Henry II Stakes Betting

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According to officials at Sandown Park in Esher, Surrey, they have the “best-kept secret in the U.K. racing calendar.” It is the Brigadier Gerard Evening held in late May each year, featuring two of the highest quality evening events staged anywhere in the country—the £65,000 Group 3 Brigadier Gerard Stakes and the £100,000 Group 2 Henry II Stakes. Both are open to Thoroughbreds aged four years and older.

The latter is not just the richer of the two races, but also the longer, covering a distance of two miles and 78 yards over Sandown Park’s right-handed turf, compared to one mile two furlongs and seven yards for the Group 3 event. Four-year-old runners in the Henry II Stakes carry exactly nine stone, while those aged five and upwards must bear an additional two pounds. There is an allowance of three pounds for fillies and mares, with penalties of five pounds for Group 1 winners and three pounds for Group 2 winners that prevailed since August 31 of the previous year.

The first running of this event was in 1963, when it was named in honour of King Henry II. The monarch was responsible for founding an Augustine priory on the site of Sandown Park during the 12th century. When the current system of grading races came into existence in 1971, this race was classified at the Group 3 level. Its promotion to Group 2 came in 2002

Quite a number of different sponsors have backed the Henry II Stakes over the years. They include Mappin & Webb, Cementone Beaver, BonusPrint, wbx.com World Bet Exchange, and betfair. Since 2009, the title role has been held by Blue Square, the interactive gaming division of the Rank Group plc.

Many consider the Henry II Stakes to be an important trial race for the Gold Cup at Royal Ascot. It can make an excellent opportunity for those looking to bet the double on one horse winning both flat races. One of the greatest horses to master the two events was Andross, who claimed not only this pairing in 1982 but also the Yorkshire Cup, the Jockey Club Stakes and the Doncaster Cup.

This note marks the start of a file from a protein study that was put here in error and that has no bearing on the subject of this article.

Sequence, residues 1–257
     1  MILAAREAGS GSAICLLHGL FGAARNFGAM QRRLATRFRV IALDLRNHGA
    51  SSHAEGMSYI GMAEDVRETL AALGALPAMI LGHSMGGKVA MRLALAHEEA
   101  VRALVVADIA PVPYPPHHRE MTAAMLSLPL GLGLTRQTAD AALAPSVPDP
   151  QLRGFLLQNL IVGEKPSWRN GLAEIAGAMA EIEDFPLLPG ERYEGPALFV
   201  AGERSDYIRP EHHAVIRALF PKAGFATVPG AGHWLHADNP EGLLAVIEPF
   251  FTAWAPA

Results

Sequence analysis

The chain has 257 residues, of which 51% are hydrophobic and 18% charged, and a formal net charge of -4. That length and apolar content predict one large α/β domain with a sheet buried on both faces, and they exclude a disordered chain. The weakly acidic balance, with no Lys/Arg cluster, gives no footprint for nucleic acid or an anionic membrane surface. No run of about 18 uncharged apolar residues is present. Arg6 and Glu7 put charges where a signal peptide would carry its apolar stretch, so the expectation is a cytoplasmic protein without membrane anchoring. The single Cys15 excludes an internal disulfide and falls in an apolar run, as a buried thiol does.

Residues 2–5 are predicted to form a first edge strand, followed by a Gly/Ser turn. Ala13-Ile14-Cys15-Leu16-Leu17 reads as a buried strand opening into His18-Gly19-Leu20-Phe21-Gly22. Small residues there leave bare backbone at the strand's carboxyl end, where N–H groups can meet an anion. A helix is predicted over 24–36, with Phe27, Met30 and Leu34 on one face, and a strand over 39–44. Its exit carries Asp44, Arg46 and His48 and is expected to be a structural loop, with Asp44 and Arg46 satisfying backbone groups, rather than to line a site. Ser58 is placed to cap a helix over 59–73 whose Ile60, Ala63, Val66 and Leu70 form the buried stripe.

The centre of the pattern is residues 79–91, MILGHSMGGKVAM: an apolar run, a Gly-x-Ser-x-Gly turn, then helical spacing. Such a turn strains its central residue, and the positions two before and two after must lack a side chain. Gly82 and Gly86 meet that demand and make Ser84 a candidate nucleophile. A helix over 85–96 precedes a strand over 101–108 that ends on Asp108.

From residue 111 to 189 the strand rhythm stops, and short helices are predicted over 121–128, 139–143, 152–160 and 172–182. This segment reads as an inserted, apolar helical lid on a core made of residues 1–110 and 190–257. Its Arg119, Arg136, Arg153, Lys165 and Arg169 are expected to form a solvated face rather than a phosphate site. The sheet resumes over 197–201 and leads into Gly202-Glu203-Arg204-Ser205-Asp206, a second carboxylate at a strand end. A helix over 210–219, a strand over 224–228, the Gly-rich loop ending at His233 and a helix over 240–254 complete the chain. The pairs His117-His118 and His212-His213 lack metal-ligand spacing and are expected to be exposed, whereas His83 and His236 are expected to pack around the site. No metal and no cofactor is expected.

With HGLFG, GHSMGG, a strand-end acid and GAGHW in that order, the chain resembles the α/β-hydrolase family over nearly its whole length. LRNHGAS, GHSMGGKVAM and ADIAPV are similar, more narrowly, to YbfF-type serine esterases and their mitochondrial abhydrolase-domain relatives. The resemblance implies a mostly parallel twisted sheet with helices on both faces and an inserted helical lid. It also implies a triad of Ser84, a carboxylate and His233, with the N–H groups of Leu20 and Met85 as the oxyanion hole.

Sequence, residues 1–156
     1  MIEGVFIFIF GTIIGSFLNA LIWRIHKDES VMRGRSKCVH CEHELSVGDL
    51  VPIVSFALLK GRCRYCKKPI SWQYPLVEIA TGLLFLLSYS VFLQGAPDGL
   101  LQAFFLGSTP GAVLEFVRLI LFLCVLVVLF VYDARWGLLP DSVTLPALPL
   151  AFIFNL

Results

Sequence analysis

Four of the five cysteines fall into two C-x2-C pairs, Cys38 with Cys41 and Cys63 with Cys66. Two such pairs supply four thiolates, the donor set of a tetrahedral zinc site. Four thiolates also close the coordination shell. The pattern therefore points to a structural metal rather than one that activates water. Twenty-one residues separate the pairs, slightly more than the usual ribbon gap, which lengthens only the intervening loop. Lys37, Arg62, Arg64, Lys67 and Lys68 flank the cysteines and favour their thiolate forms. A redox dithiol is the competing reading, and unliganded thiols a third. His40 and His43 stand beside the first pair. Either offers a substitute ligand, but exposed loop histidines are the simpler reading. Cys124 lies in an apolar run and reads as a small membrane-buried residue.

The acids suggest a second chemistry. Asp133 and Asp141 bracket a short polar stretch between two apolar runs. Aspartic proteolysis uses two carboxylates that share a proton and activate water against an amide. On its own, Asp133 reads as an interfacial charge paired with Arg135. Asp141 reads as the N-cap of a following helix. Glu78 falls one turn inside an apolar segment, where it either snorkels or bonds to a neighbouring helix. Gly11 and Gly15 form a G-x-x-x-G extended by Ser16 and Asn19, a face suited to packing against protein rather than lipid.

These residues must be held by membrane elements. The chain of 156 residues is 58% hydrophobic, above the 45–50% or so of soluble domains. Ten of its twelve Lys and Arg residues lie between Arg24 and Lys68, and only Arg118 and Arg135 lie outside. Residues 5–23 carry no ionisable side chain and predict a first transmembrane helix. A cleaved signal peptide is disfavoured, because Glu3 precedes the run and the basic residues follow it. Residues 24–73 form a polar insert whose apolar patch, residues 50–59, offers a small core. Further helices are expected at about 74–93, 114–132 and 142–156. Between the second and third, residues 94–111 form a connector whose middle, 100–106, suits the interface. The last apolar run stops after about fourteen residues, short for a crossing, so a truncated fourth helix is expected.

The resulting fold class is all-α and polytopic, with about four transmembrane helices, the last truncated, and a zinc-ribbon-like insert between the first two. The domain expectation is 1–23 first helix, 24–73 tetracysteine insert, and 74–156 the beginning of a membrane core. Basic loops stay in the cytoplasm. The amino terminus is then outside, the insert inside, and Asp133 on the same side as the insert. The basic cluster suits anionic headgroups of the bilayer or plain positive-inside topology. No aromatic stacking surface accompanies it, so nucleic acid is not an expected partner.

The most successful horse in the Henry II Stakes was Persian Punch, a double winner in 1997-98 that came back for a third victory in 2000. Prior to that, the Mark Johnston-trained Double Trigger had been the horse to beat, with back-to-back wins in 1995-96. The only other horse to gain double victory here was Chicago in 1968-69.

Among jockeys, Joe Mercer heads the leader board with five triumphs. He got his first with Grey of Falloden in 1965 and then followed up with successes aboard Charlton in 1971, Zab in 1975, Sea Anchor in 1976 and Buckskin in 1979.

The trainer who brought the most winners to the starting line—six of them—was Dick Hern. He schooled four of Mercer’s rides to victory—Grey of Falloden, Charlton, Zab and Sea Anchor—before adding to his count with Smuggler in 1978 and Longboat in 1986.

In the new millennium, Frankie Dettori has extended his string of victories here to four, adding Mr Dinos in 2002, Papineau in 2003 and Finalmente in 2008 to his initial win aboard Drum Taps in 1992. Richard Hills has also ridden well in the Henry II Stakes, piloting Akbar to victory in 2002 and then Akmal in 2010.

In the past decade, four-year-olds have won four times versus three wins for six-year-olds and one apiece for horses aged five, seven and eight. The “oldster” was Geordieland trained by Jamie Osborne and mounted by Shane Kelley in 2009.

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